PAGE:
Internet dating economics
Both e Harmony and RSVP use tension to drive conversion from free to paid. The key is to hold something back that customers value so you can entice them to upgrade.Too many businesses give themselves nowhere to go because the free service is more than satisfactory (news sites, Evernote and Linked In are examples of being caught in this bind).Surrounded by potential partners, she pulled out her phone, hid it coyly beneath the counter, and opened the online dating app Tinder.On her screen, images of men appeared and then disappeared to the left and right, depending on the direction in which she wiped.They are important today — roughly one of every four straight couples now meet on the Internet.(For gay couples, it's more like two out of every three).St Valentine’s Day is looming so it’s a good time to have a peak at how online dating sites use behavioural techniques to their advantage.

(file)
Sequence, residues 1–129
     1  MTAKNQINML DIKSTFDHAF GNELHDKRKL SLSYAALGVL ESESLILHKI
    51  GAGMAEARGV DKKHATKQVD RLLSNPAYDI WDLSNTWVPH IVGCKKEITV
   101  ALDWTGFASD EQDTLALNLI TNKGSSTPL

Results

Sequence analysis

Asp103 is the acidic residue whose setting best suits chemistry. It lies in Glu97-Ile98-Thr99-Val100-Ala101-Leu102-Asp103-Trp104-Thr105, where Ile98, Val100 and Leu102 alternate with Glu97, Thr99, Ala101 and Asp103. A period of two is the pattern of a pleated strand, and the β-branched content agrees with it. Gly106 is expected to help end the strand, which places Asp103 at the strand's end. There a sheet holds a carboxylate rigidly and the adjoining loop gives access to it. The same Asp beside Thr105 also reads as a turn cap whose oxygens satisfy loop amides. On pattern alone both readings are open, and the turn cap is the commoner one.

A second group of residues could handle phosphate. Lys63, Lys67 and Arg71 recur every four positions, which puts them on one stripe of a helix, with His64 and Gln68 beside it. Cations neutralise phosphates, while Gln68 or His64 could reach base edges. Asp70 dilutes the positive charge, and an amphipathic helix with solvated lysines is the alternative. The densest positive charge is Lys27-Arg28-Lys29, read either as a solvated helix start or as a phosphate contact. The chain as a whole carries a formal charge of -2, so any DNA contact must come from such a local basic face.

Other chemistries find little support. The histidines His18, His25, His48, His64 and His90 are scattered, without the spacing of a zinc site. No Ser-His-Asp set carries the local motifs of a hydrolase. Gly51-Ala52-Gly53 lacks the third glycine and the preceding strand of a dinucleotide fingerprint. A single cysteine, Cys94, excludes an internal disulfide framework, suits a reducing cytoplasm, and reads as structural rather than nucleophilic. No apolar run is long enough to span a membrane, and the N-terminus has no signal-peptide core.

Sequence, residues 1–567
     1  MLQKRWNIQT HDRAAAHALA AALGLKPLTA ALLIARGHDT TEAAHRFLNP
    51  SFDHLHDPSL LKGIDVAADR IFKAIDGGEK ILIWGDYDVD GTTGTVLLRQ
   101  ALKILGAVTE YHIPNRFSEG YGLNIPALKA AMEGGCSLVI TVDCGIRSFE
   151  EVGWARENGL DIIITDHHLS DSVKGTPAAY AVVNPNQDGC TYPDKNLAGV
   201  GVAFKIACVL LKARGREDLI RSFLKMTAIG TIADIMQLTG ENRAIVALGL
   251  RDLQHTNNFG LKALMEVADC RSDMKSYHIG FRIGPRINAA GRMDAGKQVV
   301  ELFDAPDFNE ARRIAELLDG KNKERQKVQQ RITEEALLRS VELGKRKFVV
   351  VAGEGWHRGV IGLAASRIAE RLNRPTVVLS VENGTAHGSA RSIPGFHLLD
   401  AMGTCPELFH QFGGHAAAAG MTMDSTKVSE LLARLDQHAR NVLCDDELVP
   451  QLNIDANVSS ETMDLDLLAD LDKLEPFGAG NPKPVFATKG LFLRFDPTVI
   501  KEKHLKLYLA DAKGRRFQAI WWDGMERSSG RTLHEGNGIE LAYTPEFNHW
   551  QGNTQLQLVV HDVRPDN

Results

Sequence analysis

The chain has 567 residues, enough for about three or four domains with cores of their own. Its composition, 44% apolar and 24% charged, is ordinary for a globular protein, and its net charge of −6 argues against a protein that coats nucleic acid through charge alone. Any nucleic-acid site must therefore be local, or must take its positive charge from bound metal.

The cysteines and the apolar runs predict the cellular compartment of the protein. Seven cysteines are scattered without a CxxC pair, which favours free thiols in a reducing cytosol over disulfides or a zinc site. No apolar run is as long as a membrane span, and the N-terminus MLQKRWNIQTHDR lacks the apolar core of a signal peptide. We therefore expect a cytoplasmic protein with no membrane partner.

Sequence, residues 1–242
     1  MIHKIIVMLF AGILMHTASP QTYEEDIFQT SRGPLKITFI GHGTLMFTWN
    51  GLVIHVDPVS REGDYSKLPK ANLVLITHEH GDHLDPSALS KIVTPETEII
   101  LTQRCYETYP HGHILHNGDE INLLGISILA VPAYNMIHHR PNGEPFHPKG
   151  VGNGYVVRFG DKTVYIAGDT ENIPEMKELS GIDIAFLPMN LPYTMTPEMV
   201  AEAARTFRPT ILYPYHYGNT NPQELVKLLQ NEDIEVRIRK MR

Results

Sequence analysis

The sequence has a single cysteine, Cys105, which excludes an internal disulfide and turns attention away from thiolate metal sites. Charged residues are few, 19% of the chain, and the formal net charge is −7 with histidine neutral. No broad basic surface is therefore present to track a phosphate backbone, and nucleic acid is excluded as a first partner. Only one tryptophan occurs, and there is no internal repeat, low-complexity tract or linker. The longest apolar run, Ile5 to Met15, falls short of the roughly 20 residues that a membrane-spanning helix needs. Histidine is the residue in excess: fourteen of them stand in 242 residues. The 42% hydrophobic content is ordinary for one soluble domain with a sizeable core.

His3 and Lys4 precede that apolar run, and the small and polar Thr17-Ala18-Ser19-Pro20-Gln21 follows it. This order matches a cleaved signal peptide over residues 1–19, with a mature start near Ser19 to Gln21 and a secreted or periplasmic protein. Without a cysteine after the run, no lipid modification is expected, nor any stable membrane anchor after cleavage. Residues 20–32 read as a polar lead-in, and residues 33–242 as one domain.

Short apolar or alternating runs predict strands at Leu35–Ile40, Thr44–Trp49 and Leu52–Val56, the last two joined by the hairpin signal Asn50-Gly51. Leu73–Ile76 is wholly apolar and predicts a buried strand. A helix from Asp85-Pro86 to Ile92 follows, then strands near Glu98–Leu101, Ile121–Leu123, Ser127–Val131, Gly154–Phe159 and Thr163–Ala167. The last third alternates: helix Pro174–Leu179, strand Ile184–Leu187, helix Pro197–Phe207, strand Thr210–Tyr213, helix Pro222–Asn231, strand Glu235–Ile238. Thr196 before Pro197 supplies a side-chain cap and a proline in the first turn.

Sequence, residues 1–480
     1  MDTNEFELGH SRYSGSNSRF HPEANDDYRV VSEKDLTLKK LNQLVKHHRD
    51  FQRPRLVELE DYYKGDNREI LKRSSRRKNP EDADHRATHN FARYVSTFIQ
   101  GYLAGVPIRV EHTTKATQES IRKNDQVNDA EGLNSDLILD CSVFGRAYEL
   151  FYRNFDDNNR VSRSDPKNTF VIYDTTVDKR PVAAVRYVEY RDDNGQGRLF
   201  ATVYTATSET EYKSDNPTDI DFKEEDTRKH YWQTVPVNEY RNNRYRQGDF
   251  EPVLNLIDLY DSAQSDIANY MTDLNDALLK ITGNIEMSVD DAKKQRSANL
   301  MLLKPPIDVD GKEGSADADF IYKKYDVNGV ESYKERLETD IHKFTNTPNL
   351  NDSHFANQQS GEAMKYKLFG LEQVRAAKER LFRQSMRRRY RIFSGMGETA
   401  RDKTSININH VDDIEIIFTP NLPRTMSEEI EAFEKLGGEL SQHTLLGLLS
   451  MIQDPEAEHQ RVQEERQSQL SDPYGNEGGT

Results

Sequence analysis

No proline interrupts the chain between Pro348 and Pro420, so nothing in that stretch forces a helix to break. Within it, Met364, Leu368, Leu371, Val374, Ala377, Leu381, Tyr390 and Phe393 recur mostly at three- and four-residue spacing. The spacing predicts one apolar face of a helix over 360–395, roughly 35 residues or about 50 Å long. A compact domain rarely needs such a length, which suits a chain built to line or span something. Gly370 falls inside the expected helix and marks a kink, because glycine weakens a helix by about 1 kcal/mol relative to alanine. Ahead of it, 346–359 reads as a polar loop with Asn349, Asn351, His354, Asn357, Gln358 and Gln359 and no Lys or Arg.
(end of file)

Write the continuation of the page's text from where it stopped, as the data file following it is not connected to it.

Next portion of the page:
A couple of months ago, I was sitting at a bar minding my own business when the woman next to me did something strange.
RSVP has recognised that one of the points of anxiety for their customers is sending a stamp to a prospect who doesn’t respond, which is why they offer to refund a customer’s stamp if it is not read within 30 days. Look for points of anxiety that might be putting your customers off.
Can you offer a guarantee so they feel they have nothing to lose? Williams is a leading behavioural specialist who deletes all buying hesitation and maximises every dollar of your marketing spend by applying behavioural economics to the patterns of buying behaviour.
You’ll note in example C above, RSVP deploys the “Best Value” icon to attract attention.
They also use the social norming tag “Most Popular” (see below) to help the customer choose, and even default to this selection. Experiment with the look and feel of how you communicate options, making sure the option you prefer customers to choose is the most engaging.